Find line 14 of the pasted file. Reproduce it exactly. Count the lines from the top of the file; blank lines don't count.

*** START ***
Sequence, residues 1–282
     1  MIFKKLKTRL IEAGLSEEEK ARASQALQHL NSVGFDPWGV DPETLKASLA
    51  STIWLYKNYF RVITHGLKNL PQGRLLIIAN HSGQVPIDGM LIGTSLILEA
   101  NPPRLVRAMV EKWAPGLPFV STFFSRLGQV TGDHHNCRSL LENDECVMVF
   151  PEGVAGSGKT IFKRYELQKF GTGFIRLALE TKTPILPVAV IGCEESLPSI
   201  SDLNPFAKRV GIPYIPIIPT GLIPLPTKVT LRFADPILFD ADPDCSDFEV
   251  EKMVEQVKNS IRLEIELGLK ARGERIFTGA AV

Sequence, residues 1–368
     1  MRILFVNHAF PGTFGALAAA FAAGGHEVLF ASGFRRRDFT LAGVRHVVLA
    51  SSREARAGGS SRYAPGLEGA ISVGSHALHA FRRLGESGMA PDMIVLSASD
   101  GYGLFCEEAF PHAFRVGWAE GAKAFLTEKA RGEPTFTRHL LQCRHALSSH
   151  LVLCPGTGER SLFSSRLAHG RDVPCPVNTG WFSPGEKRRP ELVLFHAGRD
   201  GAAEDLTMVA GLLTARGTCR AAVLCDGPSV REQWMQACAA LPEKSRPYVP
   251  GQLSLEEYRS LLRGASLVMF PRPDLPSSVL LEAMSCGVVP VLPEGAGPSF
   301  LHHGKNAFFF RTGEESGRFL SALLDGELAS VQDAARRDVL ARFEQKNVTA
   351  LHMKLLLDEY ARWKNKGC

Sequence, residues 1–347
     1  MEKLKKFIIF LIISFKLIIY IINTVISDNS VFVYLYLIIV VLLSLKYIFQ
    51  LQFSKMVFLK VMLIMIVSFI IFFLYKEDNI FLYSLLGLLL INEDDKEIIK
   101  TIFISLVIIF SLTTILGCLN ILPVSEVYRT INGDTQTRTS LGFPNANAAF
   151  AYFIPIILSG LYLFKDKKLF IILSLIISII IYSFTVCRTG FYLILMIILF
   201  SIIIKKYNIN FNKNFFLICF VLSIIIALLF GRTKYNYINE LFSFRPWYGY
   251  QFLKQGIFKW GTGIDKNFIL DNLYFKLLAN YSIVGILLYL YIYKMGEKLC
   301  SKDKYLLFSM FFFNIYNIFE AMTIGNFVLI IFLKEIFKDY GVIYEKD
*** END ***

   251  GQLSLEEYRS LLRGASLVMF PRPDLPSSVL LEAMSCGVVP VLPEGAGPSF